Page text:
Transhumanism is about becoming the best version of yourself. It’s self-improvement, but with technology. Examples include external devices (phones, watches, glasses), body modifications, super-soldier serums, cognition-enhancing drugs, genetic modifications, and so on. It’s using technology to power up humans. Technology is what makes us humans and without it, we’d just be animals.

Part II: Truth

The Types of Truth 

These are the things you should pursue and in this order: truth, health, and wealth. Learn what’s true. Pursue health because, without it, you’re done. Finally, pursue wealth. There’s truth and there’s social consensus. The fact that everyone agrees on something doesn’t make it right. There are two kinds of facts: political facts and technical facts. Political facts become true when enough people think that’s the case. Technical facts are the result of physical constants and they’re true regardless of what people think about them.

Scientific Truth

What does it mean when we say something is based on science? There’s a phenomenon, someone studies it, that person writes a paper that’s peer-reviewed, and then it’s published. Balaji refers to a peer-reviewed journal paper as a form of science that differs from the substance of science. The substance of science is independent replication.

Put simply, don’t confuse genuine science (Newton’s laws, Maxwell’s equations) with “science” (papers that came out recently). When you have to make decisions, don’t use a recent study, use something that has several independent replications. To know whether you should trust a scientific truth, determine if it can be independently verified.

Technical Truth

Technical truths are absolute. This means they’re true even if others don’t think that’s the case. Math is greater than science because it’s exact.

Political Truth

Politics isn’t about truth, it’s about tribes. In politics, nobody tells the truth if it annoys the tribe. Truths that can do that, go untold. To determine if something is true or not, we must go to the source, but few people do that. Instead, most people repeat the same idea over and over. The problem is that popularity isn’t the same as truth.

Economic Truth

Facts matter because they lead to technological and economic strength. Also, to make decisions, you need the truth. People determine if something is true or not if there’s money involved.

Cryptographic Truth

Cryptography provides decentralized truth. Regardless of who you are, where you live, or what you do, you know exactly how much Bitcoin you have and you won’t dispute it. This is innovative and it should be applied to other areas. The blockchain is the ultimate truth: it’s verifiable, replicated, unfalsifiable, and provable.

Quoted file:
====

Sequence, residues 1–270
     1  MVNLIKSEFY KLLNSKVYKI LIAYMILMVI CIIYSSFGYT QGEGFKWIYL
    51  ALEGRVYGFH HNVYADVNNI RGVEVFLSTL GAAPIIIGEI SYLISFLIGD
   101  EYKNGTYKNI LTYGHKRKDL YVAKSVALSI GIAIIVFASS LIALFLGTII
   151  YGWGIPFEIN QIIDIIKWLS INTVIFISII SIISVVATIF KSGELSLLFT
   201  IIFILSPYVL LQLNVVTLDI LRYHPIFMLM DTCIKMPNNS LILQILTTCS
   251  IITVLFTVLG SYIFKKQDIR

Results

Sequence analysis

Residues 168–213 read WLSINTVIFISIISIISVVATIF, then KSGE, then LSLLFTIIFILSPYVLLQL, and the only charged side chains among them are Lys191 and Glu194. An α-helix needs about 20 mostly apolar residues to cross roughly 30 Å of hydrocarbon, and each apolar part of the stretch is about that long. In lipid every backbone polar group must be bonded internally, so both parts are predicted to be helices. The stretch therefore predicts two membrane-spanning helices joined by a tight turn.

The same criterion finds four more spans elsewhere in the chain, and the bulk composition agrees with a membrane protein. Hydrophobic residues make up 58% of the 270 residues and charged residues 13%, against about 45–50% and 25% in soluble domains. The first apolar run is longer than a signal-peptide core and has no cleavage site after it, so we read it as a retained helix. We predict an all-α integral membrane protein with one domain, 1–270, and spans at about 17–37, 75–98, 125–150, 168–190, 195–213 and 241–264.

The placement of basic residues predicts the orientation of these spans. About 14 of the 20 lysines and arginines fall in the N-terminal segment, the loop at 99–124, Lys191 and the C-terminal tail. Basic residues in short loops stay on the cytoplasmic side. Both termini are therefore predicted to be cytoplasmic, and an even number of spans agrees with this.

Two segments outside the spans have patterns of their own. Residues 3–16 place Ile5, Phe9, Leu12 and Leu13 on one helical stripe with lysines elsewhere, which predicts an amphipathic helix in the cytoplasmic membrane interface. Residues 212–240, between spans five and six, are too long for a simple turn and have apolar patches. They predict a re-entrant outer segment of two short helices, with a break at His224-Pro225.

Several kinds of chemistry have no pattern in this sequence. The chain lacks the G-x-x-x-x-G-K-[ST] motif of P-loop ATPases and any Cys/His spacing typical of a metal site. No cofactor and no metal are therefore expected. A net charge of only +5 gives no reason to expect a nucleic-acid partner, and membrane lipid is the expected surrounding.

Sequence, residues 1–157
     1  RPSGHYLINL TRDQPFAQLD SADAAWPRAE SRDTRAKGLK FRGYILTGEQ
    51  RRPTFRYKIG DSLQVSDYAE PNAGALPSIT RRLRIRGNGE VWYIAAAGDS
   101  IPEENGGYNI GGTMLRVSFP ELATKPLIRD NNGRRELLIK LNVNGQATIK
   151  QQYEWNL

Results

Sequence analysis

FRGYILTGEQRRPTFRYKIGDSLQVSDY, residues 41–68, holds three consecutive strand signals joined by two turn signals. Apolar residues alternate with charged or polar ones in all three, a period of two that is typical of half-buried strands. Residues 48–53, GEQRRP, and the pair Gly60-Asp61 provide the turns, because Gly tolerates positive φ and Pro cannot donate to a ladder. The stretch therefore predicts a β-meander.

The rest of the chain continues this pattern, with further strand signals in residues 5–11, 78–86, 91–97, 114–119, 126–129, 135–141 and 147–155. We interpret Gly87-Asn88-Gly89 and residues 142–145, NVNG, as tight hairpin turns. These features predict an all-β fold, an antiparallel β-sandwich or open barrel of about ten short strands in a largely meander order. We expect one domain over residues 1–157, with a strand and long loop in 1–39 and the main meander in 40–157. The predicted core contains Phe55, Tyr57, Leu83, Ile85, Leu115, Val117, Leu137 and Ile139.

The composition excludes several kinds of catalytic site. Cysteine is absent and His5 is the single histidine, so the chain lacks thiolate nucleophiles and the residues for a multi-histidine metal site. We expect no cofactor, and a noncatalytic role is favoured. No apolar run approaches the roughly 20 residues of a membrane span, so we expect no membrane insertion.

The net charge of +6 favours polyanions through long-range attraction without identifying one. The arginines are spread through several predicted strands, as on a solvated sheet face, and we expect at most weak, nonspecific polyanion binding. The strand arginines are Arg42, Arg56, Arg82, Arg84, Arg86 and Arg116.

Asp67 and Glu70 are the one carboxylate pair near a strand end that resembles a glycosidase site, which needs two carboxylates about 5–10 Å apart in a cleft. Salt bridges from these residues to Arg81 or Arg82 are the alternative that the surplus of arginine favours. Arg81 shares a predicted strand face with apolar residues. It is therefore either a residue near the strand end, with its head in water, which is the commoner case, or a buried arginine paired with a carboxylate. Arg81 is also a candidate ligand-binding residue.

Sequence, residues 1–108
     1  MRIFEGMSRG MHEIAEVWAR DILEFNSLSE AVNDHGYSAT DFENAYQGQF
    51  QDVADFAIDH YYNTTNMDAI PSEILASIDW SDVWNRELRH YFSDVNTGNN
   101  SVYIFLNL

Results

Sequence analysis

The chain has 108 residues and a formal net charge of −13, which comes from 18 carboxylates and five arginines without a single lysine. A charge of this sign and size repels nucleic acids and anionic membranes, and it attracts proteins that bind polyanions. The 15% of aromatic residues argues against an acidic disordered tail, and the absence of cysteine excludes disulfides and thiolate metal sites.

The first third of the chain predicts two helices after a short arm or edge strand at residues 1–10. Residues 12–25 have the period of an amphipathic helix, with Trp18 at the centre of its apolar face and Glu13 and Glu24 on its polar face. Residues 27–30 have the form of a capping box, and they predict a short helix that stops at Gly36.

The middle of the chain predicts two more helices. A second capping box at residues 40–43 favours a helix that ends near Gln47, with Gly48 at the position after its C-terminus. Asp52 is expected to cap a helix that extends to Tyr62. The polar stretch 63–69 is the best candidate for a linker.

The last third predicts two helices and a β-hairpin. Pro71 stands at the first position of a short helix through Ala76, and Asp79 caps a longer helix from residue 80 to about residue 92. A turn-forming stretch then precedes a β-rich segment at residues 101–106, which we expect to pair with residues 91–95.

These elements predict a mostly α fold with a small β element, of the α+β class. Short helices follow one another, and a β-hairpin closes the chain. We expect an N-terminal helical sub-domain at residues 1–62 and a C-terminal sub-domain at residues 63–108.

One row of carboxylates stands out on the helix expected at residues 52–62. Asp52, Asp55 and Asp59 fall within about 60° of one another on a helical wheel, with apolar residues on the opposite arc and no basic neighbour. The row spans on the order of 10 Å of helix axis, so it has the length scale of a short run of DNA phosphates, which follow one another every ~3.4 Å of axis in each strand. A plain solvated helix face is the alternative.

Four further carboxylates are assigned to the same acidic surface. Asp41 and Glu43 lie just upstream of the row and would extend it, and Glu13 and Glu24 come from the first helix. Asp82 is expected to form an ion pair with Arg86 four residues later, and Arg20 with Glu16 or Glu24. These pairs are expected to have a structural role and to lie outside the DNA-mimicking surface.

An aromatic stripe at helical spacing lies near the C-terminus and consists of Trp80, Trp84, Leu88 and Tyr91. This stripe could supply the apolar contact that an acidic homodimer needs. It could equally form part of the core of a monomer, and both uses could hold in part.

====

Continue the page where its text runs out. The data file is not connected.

We should get to the point where all the data from different areas is integrated in the same place and people will have access to verifiable facts about everything. Everything we do has a digital component, so in the future, we might use this data to check the history of a community. In a way, this is like a log of our activity and we’ll be able to save every meaningful event.

Protecting the Truth

To change the world, we must discover facts that are true and distribute them. That combination is rare and therefore, extremely valuable.

Modern Media Is Misaligned with the Truth

The media shows reality in a distorted way.

You Are What You See

In a way, media is how we know what do do, a sort of computer program but for humans. Media reinforces certain concepts by sheer repetition. What you see determines what you think. This holds tremendous power over you. The information sources you’re exposed to shape your opinions and priorities.

The True Nature of Legacy Media

Media tries to enrage people because that’s how it keeps them engaged. Sadly, TV shows that divide and polarize are everywhere. The only one who wins in that conflict is the publication behind those shows since the parties involved don’t get anything out of the fight. The problem is that this model encourages media to incentivize conflict.

The NYT Said Rockets Could Never Work

In 1929, the New York Times said in an editorial that rockets couldn’t work in space. A rocket was launched into space in 1944 and the Apollo mission took place (successfully) in 1969. The New York Times took back its words fifty years later by writing: “The Times regrets their error”.

Media Has Its Own Motives